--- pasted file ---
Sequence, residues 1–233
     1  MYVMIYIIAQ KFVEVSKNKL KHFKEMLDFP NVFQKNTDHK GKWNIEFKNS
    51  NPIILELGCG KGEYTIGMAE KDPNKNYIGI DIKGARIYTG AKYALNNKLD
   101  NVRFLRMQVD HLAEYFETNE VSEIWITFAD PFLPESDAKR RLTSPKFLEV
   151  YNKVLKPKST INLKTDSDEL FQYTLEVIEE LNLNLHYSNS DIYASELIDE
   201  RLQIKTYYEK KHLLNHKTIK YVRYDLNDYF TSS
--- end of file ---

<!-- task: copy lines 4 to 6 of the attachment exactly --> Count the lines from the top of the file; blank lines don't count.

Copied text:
   101  NVRFLRMQVD HLAEYFETNE VSEIWITFAD PFLPESDAKR RLTSPKFLEV
   151  YNKVLKPKST INLKTDSDEL FQYTLEVIEE LNLNLHYSNS DIYASELIDE
   201  RLQIKTYYEK KHLLNHKTIK YVRYDLNDYF TSS